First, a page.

Articles

>never eat alone

In Books, business, Friends, Fun, Reading, Theology on December 29, 2007 by mstevensrev

>Great title for a book by Keith Ferrazzi is excellent. Not really into writing summaries of books because I don’t do them justice. My approach is more day by day, taking in something new or being inspired to action, here are two points that hit me today:

“Our souls are not hungry for fame, comfort, wealth, or power. Those rewards create almost as many problems as they solve. Our souls are hungry for meaning, for the sense that we have figured out how to live so that our lives matter so the world will at least be a little bit different for our having passed through it.” – Rabbi Harold Kushner

Keith on his career and the lack of balance: “For me, the best thing about a relationship-driven career is that it isn’t a career at all. It’s a way of living. Several years ago, I started to realize that connecting was actually a way of seeing the world. When I thought and behaved in that way, dividing my life between professional and personal spheres no longer made sense. I realized that what made you successful in both worlds were other people and the way you related to them. Whether those people were family people, work people, or friend people, real connecting insists that you bring the same values to every relationship. As a result, I no longer needed to make a distinction between my career happiness and my life happiness-they were both piece of me. My life.”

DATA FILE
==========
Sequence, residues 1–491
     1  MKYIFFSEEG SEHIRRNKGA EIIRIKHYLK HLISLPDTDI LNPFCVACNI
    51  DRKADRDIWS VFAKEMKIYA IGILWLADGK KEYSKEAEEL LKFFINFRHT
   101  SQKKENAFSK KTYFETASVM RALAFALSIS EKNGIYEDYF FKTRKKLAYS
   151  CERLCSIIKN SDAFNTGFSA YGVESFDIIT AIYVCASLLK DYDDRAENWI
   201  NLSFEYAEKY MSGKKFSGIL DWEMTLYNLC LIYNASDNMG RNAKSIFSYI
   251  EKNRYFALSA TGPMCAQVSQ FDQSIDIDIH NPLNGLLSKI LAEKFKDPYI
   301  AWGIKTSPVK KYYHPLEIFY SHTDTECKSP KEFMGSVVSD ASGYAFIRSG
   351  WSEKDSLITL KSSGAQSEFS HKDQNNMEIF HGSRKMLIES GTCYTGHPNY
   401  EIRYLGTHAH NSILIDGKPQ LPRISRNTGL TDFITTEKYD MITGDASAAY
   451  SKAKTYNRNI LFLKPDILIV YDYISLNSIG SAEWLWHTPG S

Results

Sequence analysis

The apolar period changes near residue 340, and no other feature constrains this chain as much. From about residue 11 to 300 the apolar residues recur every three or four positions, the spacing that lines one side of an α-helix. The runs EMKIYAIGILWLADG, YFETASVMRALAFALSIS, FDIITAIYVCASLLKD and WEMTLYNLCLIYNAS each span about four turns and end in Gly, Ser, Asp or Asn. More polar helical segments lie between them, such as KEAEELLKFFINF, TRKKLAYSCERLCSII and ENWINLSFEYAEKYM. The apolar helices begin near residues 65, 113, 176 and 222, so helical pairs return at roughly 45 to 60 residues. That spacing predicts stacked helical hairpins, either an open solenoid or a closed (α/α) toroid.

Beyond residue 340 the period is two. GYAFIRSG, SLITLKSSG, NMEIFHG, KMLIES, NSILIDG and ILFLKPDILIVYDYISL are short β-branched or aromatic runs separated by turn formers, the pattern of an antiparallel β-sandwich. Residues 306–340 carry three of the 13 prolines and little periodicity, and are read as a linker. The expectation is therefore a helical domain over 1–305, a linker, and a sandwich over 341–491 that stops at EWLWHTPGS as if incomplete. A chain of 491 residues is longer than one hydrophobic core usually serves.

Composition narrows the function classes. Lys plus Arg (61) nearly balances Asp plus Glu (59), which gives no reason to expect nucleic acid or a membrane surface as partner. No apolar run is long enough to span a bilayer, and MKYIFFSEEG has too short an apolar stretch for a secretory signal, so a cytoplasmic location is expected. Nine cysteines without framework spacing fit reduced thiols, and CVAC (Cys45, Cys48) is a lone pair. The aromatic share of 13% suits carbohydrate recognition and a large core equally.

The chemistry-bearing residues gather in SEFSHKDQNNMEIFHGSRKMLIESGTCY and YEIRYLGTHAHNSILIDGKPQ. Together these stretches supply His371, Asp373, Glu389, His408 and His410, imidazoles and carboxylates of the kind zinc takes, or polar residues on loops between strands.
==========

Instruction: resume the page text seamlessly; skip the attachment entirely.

A few years ago I read a book called “Season of Life: a football star, a boy, a journey to manhood” by Jeffery Marx. It changed my life, by stating many of the parts of my worldview but had never expressed. This book “never eat alone” did the same for me. So much for not summarizing huh? God is glorified when we love his creation, and we (people) are a significant part of that creation. The more I understand about myself and my story I see that I have been gifted in this pursuit. Keith Ferrazzi nails it for me and applies this worldview to work practice whereas “Season of Life” applies it to coaching

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